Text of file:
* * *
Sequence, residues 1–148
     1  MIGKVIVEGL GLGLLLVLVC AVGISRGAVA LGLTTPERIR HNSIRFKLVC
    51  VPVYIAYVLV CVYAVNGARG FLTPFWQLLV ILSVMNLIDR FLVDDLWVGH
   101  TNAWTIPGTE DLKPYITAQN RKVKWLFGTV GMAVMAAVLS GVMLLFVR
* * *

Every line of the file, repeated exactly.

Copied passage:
Sequence, residues 1–148
     1  MIGKVIVEGL GLGLLLVLVC AVGISRGAVA LGLTTPERIR HNSIRFKLVC
    51  VPVYIAYVLV CVYAVNGARG FLTPFWQLLV ILSVMNLIDR FLVDDLWVGH
   101  TNAWTIPGTE DLKPYITAQN RKVKWLFGTV GMAVMAAVLS GVMLLFVR